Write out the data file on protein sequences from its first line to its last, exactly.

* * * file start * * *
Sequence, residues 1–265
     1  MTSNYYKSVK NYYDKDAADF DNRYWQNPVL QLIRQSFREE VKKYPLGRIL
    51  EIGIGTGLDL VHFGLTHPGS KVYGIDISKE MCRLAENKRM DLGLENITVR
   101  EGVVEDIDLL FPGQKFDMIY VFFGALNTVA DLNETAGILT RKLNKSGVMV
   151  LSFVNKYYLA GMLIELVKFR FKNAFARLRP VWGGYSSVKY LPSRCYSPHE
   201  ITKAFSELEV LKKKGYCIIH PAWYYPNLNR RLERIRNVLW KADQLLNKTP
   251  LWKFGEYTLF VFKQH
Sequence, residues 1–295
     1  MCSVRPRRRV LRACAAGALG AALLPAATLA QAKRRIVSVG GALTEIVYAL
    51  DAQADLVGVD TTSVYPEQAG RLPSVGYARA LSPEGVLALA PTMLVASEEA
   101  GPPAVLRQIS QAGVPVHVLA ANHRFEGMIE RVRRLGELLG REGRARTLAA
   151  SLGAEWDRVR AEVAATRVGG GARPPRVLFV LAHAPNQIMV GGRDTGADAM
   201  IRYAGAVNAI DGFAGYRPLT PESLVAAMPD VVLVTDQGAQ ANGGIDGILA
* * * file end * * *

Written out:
Sequence, residues 1–265
     1  MTSNYYKSVK NYYDKDAADF DNRYWQNPVL QLIRQSFREE VKKYPLGRIL
    51  EIGIGTGLDL VHFGLTHPGS KVYGIDISKE MCRLAENKRM DLGLENITVR
   101  EGVVEDIDLL FPGQKFDMIY VFFGALNTVA DLNETAGILT RKLNKSGVMV
   151  LSFVNKYYLA GMLIELVKFR FKNAFARLRP VWGGYSSVKY LPSRCYSPHE
   201  ITKAFSELEV LKKKGYCIIH PAWYYPNLNR RLERIRNVLW KADQLLNKTP
   251  LWKFGEYTLF VFKQH
Sequence, residues 1–295
     1  MCSVRPRRRV LRACAAGALG AALLPAATLA QAKRRIVSVG GALTEIVYAL
    51  DAQADLVGVD TTSVYPEQAG RLPSVGYARA LSPEGVLALA PTMLVASEEA
   101  GPPAVLRQIS QAGVPVHVLA ANHRFEGMIE RVRRLGELLG REGRARTLAA
   151  SLGAEWDRVR AEVAATRVGG GARPPRVLFV LAHAPNQIMV GGRDTGADAM
   201  IRYAGAVNAI DGFAGYRPLT PESLVAAMPD VVLVTDQGAQ ANGGIDGILA